At GoHenry, we want the next generation to grow up with the skills they need to manage their money. These are the skills that will give them the confidence to build a great future… and avoid becoming the next Generation Debt.
We understand that it’s sometimes tricky talking to kids about money. If you don’t feel especially confident about your own money management skills, it can be difficult to know where to start with your child’s financial education. That’s why we’ve created The GoHenry Money Guide.
Here’s the good news: you don’t have to be a financial whiz to teach your child how money works. We believe that there are four pillars of money management – Earn, Save, Spend and Give – and we’ve come up with five simple ways to help kids grasp the basics.
Practice what you preach
Whatever their age, your child is already forming their future money habits. And, like most things, they learn these from you. You might think they’re too young to notice, but it’s great for them to see you checking the bill in restaurants, making sure you’ve been given the right change, or shopping around to make sure that you get the best price. If you want to teach your child about spending, saving and delayed gratification, it’s important to practice what you preach.
Remember to talk about money in an age-appropriate way: explain the link between work and money, introduce the concept of paying bills and budgeting – and make it clear that we can’t always buy all the things we want, at least not right away.
The GoHenry Money Guide is designed to make financial education easy.
There’s a guide for every age group, so click on the links below to find out what your child needs to know next:
Show them the money
We live in an increasingly cashless society where kids are used to seeing us pay with the tap of a card. As a result, money is becoming an increasingly abstract concept for them to grasp.
We created GoHenry to ensure kids aren’t excluded from the digital economy. We give children their own card and banking app, meaning they can get a grip on digital basics like savings, spending logs and regular payments. But, to get the full picture on money, kids still need to understand cash.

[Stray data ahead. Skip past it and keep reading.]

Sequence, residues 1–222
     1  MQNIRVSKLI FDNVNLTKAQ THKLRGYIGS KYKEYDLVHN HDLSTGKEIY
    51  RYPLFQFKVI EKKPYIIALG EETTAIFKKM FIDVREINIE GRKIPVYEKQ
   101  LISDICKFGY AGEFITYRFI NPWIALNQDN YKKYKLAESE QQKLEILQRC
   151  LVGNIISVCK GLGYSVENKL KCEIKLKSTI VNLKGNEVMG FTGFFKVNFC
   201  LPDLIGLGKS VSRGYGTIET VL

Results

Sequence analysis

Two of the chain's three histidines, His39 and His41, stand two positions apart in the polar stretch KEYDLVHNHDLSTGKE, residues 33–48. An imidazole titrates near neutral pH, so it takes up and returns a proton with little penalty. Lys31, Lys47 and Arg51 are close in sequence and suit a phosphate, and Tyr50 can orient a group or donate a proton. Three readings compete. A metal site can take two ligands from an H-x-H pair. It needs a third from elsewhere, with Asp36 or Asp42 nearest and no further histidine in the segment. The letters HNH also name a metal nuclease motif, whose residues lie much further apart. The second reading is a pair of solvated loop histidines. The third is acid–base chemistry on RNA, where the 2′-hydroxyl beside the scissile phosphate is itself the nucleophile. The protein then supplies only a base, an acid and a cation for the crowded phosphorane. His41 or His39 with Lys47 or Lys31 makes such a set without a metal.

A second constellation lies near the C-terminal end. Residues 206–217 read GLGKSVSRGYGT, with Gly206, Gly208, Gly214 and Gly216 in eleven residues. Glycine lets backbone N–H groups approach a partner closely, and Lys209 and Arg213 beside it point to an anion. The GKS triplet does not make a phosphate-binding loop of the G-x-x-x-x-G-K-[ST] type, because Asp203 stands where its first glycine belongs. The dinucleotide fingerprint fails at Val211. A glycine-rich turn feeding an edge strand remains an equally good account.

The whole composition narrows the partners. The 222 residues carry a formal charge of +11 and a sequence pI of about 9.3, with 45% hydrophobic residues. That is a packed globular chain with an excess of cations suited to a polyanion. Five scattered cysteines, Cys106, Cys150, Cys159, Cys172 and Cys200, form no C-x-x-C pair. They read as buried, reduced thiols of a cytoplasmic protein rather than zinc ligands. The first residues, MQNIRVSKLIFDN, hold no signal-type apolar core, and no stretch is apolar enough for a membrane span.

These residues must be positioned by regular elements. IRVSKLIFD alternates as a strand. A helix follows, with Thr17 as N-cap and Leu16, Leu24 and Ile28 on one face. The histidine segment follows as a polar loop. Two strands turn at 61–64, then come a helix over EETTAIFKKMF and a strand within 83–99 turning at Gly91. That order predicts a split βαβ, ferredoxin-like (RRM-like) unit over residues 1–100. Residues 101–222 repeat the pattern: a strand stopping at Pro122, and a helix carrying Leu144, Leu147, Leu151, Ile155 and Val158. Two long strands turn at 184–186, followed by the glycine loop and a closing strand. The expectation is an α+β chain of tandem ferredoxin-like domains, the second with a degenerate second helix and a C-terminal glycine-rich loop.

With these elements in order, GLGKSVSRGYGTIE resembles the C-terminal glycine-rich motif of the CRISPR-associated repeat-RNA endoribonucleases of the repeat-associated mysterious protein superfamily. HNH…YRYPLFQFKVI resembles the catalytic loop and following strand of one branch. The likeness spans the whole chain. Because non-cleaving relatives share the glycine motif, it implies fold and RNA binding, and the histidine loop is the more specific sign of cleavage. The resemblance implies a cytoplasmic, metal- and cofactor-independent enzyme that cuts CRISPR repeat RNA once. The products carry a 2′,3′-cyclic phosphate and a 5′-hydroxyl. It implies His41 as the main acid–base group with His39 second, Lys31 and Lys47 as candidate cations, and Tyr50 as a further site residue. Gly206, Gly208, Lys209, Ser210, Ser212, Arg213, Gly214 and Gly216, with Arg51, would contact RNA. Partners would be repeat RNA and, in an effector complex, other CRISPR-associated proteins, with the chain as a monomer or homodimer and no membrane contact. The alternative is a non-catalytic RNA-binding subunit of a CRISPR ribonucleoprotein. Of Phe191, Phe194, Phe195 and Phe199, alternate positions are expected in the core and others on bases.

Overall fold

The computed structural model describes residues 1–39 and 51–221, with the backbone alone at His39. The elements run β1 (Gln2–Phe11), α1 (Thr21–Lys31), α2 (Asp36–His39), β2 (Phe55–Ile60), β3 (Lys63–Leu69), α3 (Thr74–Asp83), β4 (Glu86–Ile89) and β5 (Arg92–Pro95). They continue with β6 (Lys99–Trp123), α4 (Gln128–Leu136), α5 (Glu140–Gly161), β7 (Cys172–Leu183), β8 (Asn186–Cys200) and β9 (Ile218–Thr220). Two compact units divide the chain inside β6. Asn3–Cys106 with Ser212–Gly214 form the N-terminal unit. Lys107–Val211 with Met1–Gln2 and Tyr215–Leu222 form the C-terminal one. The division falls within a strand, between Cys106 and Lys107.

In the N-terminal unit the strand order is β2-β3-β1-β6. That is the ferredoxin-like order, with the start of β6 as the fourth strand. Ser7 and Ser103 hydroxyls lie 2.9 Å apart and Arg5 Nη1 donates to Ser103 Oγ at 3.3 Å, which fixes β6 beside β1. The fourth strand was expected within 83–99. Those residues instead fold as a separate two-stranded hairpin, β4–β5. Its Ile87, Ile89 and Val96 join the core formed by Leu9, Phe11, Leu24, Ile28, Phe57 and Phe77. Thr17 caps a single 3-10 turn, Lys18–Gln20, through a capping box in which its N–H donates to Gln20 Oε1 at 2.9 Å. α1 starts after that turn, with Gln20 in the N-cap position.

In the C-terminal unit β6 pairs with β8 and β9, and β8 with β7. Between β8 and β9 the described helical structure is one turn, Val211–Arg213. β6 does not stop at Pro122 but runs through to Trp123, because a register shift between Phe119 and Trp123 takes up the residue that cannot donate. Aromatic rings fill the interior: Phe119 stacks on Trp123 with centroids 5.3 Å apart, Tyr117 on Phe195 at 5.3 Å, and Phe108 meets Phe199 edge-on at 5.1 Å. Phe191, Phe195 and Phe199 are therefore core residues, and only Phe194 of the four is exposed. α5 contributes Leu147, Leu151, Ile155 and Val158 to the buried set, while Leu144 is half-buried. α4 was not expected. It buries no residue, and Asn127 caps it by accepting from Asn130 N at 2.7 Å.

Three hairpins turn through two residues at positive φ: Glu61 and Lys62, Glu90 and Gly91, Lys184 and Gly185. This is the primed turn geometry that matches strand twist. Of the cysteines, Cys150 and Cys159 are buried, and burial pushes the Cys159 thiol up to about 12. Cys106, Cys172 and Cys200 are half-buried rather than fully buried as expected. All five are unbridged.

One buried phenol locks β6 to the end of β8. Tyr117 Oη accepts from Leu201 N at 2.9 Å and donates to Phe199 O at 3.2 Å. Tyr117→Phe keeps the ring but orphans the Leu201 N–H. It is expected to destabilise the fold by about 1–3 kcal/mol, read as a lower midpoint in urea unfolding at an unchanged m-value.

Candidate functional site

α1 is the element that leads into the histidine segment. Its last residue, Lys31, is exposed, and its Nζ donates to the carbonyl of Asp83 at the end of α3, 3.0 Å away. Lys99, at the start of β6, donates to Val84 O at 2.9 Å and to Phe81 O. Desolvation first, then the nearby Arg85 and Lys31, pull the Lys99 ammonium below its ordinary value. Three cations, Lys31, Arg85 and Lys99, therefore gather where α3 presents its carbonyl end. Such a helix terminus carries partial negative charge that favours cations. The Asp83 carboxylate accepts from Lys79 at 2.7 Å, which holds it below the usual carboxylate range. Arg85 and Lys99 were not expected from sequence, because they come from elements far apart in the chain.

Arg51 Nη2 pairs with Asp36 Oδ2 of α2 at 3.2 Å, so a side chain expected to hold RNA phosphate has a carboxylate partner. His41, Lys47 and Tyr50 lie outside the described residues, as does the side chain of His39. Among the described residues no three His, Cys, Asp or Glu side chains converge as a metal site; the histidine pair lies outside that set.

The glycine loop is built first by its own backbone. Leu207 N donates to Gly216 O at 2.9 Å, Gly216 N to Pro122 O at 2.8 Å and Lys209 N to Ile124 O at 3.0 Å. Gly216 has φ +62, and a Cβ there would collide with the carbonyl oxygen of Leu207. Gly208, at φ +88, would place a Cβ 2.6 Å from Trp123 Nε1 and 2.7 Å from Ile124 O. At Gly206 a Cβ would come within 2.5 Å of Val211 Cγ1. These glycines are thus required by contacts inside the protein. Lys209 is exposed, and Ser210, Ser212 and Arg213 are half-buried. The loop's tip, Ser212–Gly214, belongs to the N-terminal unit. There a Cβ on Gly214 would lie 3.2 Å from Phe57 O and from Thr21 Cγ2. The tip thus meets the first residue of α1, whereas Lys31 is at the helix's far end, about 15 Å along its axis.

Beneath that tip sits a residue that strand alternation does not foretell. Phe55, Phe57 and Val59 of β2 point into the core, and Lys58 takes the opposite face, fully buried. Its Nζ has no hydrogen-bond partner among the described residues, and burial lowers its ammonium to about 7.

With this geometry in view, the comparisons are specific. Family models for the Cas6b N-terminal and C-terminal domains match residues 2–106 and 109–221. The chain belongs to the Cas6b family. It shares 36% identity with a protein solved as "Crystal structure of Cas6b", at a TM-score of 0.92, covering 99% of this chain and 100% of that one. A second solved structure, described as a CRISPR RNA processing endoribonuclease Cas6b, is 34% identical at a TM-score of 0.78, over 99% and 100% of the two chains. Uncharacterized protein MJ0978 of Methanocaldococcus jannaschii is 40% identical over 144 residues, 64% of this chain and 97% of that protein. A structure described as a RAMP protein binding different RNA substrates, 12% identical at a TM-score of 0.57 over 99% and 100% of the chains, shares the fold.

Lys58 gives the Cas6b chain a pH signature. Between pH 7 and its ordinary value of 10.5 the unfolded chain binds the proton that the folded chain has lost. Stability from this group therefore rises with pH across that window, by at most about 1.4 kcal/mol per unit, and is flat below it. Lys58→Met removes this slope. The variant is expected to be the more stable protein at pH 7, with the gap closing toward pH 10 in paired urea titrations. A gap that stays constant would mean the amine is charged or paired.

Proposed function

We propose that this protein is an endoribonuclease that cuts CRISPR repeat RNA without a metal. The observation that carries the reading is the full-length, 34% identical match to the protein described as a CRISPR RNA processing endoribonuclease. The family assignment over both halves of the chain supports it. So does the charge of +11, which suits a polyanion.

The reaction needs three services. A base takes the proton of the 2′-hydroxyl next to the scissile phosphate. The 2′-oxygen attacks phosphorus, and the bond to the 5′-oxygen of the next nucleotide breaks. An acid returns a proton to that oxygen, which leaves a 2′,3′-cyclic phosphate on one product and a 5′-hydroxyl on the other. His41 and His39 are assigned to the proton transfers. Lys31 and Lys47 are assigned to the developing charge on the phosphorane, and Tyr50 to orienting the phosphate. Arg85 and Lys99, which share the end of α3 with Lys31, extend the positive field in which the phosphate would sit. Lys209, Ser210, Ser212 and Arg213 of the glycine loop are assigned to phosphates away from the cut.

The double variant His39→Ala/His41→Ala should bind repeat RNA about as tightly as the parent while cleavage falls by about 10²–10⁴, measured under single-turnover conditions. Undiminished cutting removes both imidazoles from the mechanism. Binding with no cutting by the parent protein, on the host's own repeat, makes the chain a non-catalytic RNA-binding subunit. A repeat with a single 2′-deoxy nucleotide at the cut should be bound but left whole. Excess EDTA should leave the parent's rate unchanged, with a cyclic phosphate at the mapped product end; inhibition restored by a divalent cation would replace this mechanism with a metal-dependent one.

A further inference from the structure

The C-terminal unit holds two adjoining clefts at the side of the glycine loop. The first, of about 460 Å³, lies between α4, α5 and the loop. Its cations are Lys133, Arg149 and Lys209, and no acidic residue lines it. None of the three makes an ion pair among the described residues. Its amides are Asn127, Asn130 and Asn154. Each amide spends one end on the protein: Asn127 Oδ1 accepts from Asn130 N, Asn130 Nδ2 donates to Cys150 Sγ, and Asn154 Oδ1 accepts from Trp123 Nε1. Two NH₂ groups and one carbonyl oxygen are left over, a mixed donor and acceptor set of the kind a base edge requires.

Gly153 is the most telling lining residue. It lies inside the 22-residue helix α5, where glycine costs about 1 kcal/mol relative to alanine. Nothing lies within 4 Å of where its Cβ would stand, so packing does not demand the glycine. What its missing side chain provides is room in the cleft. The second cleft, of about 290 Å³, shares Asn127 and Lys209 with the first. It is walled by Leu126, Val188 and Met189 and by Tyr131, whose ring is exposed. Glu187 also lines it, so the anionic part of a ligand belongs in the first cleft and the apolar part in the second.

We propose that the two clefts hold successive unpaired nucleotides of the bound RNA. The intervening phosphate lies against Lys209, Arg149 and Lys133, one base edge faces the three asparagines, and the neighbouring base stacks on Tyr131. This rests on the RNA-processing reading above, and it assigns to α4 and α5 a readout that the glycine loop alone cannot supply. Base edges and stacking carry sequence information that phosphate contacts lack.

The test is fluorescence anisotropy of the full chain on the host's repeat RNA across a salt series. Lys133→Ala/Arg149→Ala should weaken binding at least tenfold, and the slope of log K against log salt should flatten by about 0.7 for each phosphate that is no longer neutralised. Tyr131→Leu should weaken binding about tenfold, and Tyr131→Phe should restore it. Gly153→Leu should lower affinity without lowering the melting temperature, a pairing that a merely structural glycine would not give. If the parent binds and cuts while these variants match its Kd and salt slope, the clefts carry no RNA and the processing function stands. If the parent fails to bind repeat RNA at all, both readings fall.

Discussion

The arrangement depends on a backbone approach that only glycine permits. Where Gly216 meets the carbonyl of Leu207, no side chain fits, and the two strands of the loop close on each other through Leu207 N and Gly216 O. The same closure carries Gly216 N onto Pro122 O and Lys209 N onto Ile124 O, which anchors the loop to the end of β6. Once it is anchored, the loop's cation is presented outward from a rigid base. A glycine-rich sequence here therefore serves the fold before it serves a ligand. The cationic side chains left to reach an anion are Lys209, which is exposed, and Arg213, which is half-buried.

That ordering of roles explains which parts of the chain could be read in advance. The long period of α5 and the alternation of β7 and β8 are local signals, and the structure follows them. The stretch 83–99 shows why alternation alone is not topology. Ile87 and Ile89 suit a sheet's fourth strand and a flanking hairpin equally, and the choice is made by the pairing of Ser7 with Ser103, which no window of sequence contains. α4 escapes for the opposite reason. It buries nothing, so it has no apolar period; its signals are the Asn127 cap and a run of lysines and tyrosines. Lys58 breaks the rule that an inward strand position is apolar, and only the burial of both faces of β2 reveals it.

As a starting point, play shopping games with young children, and give them the opportunity to pay with coins and paper bills at your local store. This helps familiarize kids with the concept of receiving change and shows them the amount of cash reduces as they spend.
We suggest giving children a set amount of allowance money each week that they have to manage themselves. Our data reveals that most allowance or spending money is paid on a Friday (43%) or Saturday (33%), so that it’s ready for the weekend. Explain that they are responsible for looking after their GoHenry card – and remind them that once their money has gone, it’s gone for good.
Giving children the opportunity to earn their own money for doing everyday tasks around the house teaches them valuable lessons about working and earning that will set them up for life. Before they’re old enough to get a part-time job, they could earn a small amount of money for tidying their room, doing the dishes or feeding a pet. With younger children, you could encourage good behavior – and good habits – such as going to bed without a fuss, brushing their teeth or practicing their spelling. It’s not important how much they earn, as even a small amount will teach them about the value of work.
“I now think much more carefully before I buy something as I want my money to last. I have to work really hard to earn the money each week with my chores, so I don’t just want to spend it really quickly without thinking about it.” Carys, age 9
Make saving special
Saving is one of the trickiest concepts to teach kids – why should they wait weeks (or sometimes months) to buy something they want, when they could enjoy spending all their money today?
You can help children to see the benefit of putting money aside simply by setting up a savings goal. This needs to be tangible and achievable so that every penny they save takes them closer to buying whatever is top of their wishlist.
Talk about their progress and celebrate when they’ve reached their goal – once they’ve experienced the excitement of buying something special with their own money, they’ll want to do it all over again.
“My parents suggested I set up a savings goal but it’s my choice how much I put in it. I often put extras from chores in, too. It’s really satisfying watching it build up and knowing that it is me that has created that.” Tom, age 11
Donating and giving back is a very personal issue – but children develop a greater understanding of the value of money when they get a sense of how it can benefit others.
There are lots of different ways to teach your child about giving: they could sponsor a friend or family member, take part in a fundraising activity like a fun run or cake sale, donate clothes and toys to charity, or volunteer at community events. On a more personal level, they could treat a friend to an ice cream, or buy them some candy when they’re short of money.
Older kids and teens might decide to donate money to charity on a one-time or ongoing basis. This is a great exercise in financial decision-making: they might want to donate to a high-profile cause like Boys & Girls Clubs of America, or perhaps they’d prefer to support an environmental charity or a local animal sanctuary.
Encourage them to get involved and support their efforts – they’ll soon discover that giving is a rewarding thing to do.